Diving Behaviour and Foraging Ecology of Female Southern Elephant Seals from Patagonia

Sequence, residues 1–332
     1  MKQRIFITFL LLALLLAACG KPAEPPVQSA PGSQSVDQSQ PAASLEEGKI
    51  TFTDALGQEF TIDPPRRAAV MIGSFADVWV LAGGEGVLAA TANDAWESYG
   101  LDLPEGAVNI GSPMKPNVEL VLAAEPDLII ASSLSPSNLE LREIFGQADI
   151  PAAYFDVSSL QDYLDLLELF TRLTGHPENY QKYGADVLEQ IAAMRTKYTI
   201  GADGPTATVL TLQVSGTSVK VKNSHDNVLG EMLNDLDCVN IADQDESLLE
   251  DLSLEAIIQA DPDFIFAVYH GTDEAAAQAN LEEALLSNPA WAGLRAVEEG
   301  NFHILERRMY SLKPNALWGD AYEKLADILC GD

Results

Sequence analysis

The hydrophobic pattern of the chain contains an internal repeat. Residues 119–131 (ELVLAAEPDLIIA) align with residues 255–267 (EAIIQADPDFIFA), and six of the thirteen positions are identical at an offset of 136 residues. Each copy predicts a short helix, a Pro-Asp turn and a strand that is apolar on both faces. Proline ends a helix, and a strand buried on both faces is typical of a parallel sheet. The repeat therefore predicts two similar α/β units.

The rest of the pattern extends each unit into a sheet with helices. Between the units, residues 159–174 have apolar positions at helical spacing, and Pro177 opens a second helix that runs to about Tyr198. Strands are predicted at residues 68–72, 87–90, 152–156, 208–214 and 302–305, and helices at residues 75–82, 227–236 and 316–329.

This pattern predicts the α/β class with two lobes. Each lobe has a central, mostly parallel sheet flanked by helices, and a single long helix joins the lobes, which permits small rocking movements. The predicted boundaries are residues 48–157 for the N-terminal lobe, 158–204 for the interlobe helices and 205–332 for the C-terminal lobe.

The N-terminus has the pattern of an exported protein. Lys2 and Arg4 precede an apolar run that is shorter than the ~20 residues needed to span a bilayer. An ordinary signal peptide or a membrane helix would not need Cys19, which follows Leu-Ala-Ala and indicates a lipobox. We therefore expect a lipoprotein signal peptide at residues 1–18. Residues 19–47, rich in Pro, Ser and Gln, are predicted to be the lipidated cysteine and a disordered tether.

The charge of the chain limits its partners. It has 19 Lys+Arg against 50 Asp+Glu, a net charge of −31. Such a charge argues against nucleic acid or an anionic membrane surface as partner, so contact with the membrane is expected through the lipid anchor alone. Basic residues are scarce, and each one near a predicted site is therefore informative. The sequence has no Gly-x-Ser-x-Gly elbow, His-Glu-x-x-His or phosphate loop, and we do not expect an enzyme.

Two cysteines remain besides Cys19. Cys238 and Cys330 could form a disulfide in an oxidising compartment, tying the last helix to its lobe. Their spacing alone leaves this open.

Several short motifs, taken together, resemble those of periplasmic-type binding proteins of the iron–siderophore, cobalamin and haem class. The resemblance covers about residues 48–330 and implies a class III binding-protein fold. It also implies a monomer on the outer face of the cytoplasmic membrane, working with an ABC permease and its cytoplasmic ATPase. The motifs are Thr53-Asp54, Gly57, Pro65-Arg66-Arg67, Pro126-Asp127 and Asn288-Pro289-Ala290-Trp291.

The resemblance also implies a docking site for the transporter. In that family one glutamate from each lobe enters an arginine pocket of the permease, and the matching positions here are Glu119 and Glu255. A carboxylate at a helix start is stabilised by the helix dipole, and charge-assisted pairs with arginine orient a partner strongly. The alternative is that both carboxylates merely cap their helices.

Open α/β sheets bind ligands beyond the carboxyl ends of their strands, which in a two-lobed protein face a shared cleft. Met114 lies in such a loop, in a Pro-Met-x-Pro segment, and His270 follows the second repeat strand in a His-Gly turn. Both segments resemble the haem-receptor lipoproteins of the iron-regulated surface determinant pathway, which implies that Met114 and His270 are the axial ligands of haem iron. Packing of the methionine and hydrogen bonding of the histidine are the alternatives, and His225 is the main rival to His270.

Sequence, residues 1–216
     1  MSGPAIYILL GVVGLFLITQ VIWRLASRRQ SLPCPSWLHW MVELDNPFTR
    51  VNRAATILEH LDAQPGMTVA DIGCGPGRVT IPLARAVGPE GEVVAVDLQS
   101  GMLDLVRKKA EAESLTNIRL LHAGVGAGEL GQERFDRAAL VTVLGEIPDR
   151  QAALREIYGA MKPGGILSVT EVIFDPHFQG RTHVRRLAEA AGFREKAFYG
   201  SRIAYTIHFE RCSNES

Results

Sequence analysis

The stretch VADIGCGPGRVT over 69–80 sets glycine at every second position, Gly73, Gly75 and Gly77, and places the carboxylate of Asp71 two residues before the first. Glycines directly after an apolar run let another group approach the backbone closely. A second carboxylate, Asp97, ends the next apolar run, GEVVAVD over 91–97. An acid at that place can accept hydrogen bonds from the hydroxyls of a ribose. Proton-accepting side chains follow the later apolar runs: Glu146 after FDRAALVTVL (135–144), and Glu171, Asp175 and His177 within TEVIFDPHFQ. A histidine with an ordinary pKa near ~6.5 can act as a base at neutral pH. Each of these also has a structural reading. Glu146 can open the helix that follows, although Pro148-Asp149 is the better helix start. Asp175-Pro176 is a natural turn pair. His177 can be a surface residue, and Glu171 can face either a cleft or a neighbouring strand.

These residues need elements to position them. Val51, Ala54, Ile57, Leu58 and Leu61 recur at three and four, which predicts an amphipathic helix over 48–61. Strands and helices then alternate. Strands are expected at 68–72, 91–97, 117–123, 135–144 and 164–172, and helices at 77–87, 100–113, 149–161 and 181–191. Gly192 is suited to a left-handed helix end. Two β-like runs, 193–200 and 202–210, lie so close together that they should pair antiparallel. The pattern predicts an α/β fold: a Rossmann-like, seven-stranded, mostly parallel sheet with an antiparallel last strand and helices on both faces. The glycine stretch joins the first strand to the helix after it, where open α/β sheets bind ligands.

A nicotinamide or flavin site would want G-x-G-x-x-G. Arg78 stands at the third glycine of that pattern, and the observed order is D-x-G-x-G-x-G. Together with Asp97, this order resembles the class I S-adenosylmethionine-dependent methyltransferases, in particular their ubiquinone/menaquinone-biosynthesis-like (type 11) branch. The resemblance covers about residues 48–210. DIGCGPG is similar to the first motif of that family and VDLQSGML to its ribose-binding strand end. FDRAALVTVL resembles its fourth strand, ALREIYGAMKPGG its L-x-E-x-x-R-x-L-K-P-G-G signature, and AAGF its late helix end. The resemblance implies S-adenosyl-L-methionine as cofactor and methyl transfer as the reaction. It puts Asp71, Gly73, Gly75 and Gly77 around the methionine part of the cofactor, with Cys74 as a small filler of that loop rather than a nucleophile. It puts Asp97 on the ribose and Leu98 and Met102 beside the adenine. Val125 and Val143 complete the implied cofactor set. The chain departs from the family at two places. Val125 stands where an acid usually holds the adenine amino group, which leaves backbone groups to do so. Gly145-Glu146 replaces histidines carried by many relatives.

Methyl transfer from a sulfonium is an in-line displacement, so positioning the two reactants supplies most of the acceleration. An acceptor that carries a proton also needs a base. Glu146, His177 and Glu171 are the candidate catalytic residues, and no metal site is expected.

We asked if non-gestating adult female southern elephant seals, Mirounga leonina, from Peninsula Valdes, Argentina, forage on the wide continental shelf off the peninsula during the post-breeding trip to sea (PB females), or whether they forage in deep water, where gestating, post-moult (PM) animals have been shown to do. More than 16,600 dives were recorded with geographic-location time-depth recorders deployed in five PB females. Data was compared with about 19,500 dives from six gestating PM animals. Four satellite transmitters linked to the Argos system were deployed in PB (2) and PM (2) animals. During both trips females displayed continuous deep and long-duration diving. PB females crossed the shelf in 3-7 days, spending 89% of the recorded time at sea over waters deeper than 200 m. A diel pattern in frequency distribution of dives/hr, dive depth and dive duration was apparent in both PB and PM individuals beyond the continental shelf. Deeper and longer dives were observed during daylight hours, consistent with feeding on dielly-migrating prey. PB females concentrated their foraging effort in temperate waters of the SW Atlantic between 36 degrees and 46 degrees S and up to 1200 km from shore. PM females travelled further, reaching ~50 degrees S and 2281 km east from the rookery. The longest migration was a PM trip of 11,600 km. Females from Peninsula Valdes, the only colony for the species with an increasing birth rate, do not feed near or south of the Antarctic Polar Front, where most seals from more southerly stable or decreasing rookeries forage.